dc.description.abstract<table><tr><td colspan="2" class="item-title">Testing the Health Promotion Model With Thai Adolescents</td></tr><tr class="item-sponsor"><td class="label">Conference Sponsor:</td><td class="value">Sigma Theta Tau International</td></tr><tr class="item-year"><td class="label">Conference Year:</td><td class="value">2004</td></tr><tr class="item-conference-date"><td class="label">Conference Date:</td><td class="value">July 22-24, 2004</td></tr><tr class="item-author"><td class="label">Author:</td><td class="value">Deenan, Aporn, PhD, RN</td></tr><tr class="item-institute"><td class="label">P.I. Institution Name:</td><td class="value">Burapha University</td></tr><tr class="item-author-title"><td class="label">Title:</td><td class="value">Assistant professor</td></tr><tr class="item-email"><td class="label">Email:</td><td class="value">apornd@hotmail.com</td></tr><tr class="item-co-authors"><td class="label">Co-Authors:</td><td class="value">Joanne Schneider, RN, PhD</td></tr><tr><td colspan="2" class="item-abstract">Background: Adolescents&rsquo; reduction in exercise has resulted in higher rates of overweight/obesity and will likely lead to health threats in their adult lives. Understanding exercise behavior is crucial before planning interventions to help adolescents develop healthy exercise patterns while they are young. Objective: The purpose of this study was to understand exercise behavior and evaluate the use of Pender&rsquo;s health promotion model (HPM) for Thai adolescents. Framework: Pender&rsquo;s health promotion model with its three constructs (individual characteristics and experiences, behavioral-specific cognitions and affect, and behavioral outcome) guided this study. Method: Using Brislin&rsquo;s back-translation method, several exercise instruments were translated into the Thai language. The final Thai version was made culturally specific. Three hundred-eleven bilingual Thai adolescents (average age = 14 years) completed the questionnaires. Results: Within the individual characteristics and experiences construct, life perspective (&szlig;=.30, p&lt;.001), seeking health (&szlig;=.25, p&lt;.001), gender (&szlig;=.27, p&lt;.001), and BMI (&szlig;=-.13, p&lt;.05) had direct effects on exercise behavior. Life perspective had indirect effects on exercise through benefits (&szlig;=.29, p&lt;.001) and self-efficacy (&szlig;=.19, p&lt;.01). Seeking health had indirect effects through barriers (&szlig;=-.22, p&lt;.001), benefits (&szlig;=.20, p&lt;.001), and self-efficacy (&szlig;=.22, p&lt;.001). Finally, gender had indirect effects on exercise through benefits (&szlig;=.18, p&lt;.01) and self-efficacy (&szlig;=.16, p&lt;.01). Within the behavior-specific specific cognitions and affect construct, immediate competing demands (&szlig;=-.11, p&lt;.05) had a direct effect on exercise behavior. The final model explained 53% of the total variance. Discussion: Pender&rsquo;s HPM was useful in explaining exercise behavior for Thai adolescents. Intervention to promote physical activities was immediately needed. Verification of Pender&rsquo;s HPM with various groups of Thai adolescents and further development of instruments to fit the Thai culture were recommended for future study.</td></tr></table>en_GB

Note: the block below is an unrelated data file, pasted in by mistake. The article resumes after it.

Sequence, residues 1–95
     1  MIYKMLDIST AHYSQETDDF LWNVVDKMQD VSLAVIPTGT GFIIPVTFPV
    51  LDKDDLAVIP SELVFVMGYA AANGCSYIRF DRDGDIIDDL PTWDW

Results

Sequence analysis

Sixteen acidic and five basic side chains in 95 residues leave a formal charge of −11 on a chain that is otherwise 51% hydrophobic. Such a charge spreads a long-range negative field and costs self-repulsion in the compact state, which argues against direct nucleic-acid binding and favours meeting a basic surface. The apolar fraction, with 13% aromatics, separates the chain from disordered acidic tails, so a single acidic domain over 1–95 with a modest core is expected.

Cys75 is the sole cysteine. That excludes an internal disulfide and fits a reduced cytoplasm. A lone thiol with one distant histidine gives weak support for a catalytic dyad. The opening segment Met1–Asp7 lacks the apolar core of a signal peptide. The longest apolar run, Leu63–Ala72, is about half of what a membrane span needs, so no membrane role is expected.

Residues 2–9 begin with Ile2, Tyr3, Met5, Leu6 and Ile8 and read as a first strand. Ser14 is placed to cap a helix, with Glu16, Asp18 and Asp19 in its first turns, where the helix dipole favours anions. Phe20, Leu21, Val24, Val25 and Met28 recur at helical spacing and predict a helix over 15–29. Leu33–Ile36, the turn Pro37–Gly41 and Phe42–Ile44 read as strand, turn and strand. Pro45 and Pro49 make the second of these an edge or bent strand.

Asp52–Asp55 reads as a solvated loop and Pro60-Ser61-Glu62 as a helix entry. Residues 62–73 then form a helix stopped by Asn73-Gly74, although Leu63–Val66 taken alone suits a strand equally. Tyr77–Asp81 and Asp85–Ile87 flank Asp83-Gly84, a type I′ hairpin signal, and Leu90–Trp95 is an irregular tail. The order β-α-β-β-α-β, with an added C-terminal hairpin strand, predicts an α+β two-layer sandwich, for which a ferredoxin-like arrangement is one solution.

dc.date.available2011-10-26T11:08:55Z-
dc.date.issued2004-07-22en_GB
dc.date.accessioned2011-10-26T11:08:55Z-
dc.description.sponsorshipSigma Theta Tau Internationalen_GB